Like Windows based computers, even Macintosh systems hold a lot of hidden files in their system. They are either hidden by the user of the Macintosh, or probably some system files that are kept hidden from the user for security and stability reason. Few example of hidden files on a Mac are – .bash profile, .svn directory etc. Pretty much any file or folder that starts with a prefix ‘.’ sign are hidden in Mac ecosystem. However, in order to make these hidden files visible a specific command in the terminal would be enough.

In this article, we are going to explain how to unhide files in Mac OS X through the terminal window using a line of code. Since all files in Mac OS X are marked with hidden status using a full stop, they are easy to locate if the user is savvy enough. For a try out, user might hide a file in Mac OS X by themselves by renaming a file in the mentioned way.

How to Modify Mac OS X Settings to Show Hidden Files

The default settings of Finder in Mac OS X is set to ignore the hidden files while the file system is being explored. However, by making necessary changes to the Mac system, Finder could be altered with a new settings so that it discovers even the hidden files on Mac OS X. To change the Finder settings, use Terminal window.

show hidden files on mac

Show hidden files on Mac OS

Terminal is located at Applications -> Utilities. A computer user with experience in Unix operating system would be able to figure out the entire procedure in a blink, however the newbies might have some trouble. Follow along this tutorial to and you’ll be able to make sense of this tutorial.

However, once you launch Terminal, use the following command line to unhide the files in a Mac OS X System. However, the following piece of code is applicable only for the Mac OS X Mavericks 10.9, Yosemite 10.10 and El Capitan 10.11 versions.

defaults write AppleShowAllFiles TRUE;killall Finder

If your Mac is older and has any of the following OS – Mac OS X 10.6 Snow Leopard, 10.7 Lion and 10.8 Mountain Lion, then the code would be slightly different.

defaults write AppleShowAllFiles TRUE

And then, this: killall Finder

As you can see, only the tailing part of the code changes, the killall Finder part now needs to be entered in a 2nd step. If you can’t make sense of these terminal codes, simply copy-paste these on the Terminal window.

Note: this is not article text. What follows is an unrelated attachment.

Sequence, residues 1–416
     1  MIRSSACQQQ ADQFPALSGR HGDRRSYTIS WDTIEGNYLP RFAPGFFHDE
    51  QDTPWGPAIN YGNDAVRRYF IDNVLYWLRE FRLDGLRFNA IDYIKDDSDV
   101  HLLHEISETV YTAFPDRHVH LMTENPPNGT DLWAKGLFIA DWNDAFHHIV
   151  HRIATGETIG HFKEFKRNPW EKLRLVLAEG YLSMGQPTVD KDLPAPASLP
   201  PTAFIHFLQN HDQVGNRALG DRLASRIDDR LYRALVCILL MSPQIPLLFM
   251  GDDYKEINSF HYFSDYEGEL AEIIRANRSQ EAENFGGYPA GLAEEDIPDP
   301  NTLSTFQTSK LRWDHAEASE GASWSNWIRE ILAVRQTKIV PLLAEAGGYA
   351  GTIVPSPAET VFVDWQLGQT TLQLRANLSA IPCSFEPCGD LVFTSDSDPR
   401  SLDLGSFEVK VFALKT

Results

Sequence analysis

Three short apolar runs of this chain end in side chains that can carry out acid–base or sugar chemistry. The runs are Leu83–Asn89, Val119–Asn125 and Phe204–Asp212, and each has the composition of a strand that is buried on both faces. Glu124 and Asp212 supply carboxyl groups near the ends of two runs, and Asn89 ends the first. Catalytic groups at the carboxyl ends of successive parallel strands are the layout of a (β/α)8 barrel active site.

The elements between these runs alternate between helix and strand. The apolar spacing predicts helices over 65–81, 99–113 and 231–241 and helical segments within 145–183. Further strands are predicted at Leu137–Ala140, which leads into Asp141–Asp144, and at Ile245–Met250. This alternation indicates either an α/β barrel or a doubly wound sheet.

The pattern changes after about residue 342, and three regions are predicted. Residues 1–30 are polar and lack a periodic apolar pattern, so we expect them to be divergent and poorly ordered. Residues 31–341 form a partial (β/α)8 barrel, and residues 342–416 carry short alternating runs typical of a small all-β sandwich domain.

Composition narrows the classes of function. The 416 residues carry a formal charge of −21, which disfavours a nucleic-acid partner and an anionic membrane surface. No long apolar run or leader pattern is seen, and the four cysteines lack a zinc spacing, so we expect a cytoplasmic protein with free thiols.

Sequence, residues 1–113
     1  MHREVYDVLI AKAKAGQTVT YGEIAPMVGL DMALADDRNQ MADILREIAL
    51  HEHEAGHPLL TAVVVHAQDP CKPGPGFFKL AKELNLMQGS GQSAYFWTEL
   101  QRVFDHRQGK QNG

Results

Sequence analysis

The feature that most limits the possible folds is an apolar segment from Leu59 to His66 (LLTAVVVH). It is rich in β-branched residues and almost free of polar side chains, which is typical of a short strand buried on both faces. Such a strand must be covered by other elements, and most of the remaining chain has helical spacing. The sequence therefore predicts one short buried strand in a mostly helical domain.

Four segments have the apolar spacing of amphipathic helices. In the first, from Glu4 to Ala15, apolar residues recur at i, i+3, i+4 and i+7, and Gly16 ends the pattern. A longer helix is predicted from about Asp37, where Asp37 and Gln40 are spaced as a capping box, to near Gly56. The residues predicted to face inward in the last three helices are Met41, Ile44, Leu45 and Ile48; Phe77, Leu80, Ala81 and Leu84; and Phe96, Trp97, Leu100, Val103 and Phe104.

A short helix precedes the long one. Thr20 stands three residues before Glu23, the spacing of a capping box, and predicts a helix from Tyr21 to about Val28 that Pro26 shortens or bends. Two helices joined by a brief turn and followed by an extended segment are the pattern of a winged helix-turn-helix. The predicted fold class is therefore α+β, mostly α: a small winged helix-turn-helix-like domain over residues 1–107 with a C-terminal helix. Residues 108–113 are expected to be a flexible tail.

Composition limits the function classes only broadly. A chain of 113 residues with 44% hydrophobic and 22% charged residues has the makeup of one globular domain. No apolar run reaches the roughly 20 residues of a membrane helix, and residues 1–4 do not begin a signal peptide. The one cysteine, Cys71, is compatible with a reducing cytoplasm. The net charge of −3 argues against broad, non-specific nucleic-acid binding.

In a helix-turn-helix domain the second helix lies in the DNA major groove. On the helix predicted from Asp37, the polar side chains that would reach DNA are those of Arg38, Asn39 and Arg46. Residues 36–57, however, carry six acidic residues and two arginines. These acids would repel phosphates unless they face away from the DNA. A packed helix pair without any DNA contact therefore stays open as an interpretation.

However, to see the unhidden files on Mac OS X, Finder needs to be re-launched. After re-launching Finder, the hidden files’ name will appear in grey text.

Revert back to Hidden Status

Hide hidden Files on Mac

Show or Hide hidden files on Mac

In order to hide the files you have just unhidden on a Mac OS X platform, use the above mentioned commands with FALSE instead of TRUE; which should look like this –

defaults write AppleShowAllFiles FALSE

And the files should disappear again from Finder window after a re-launch.

Conclusion: We have to admit the file hiding and un-hiding process isn’t as efficient and easy as it is on Windows, but once you get a hold of Terminal coding the whole process becomes a lot easier.

Last Updated:
Previous articleHow to Unblock Apps at School And Work Using Free VPN App
Next articleHow to Reset Forgotten Apple ID Security Questions
Stephan Popov
When iDevice users experience problems with the iOS software or unlocking, it is not uncommon for their lives to unravel. My passion is providing answers to your problems. I help iPhone, iPad and iPod Touch users by recommending fixes for common iOS bugs and tools that improves your experience. I conduct in-depth research for every topic i cover on this blog, to ensure that I cover everything Apple users need to troubleshoot their issues. When not writing for UnlockBoot, i enjoy swimming in my backyard pool. P.S. i prefers the Maldives for holidays. Connect with me on Facebook, Google Plus and Twitter.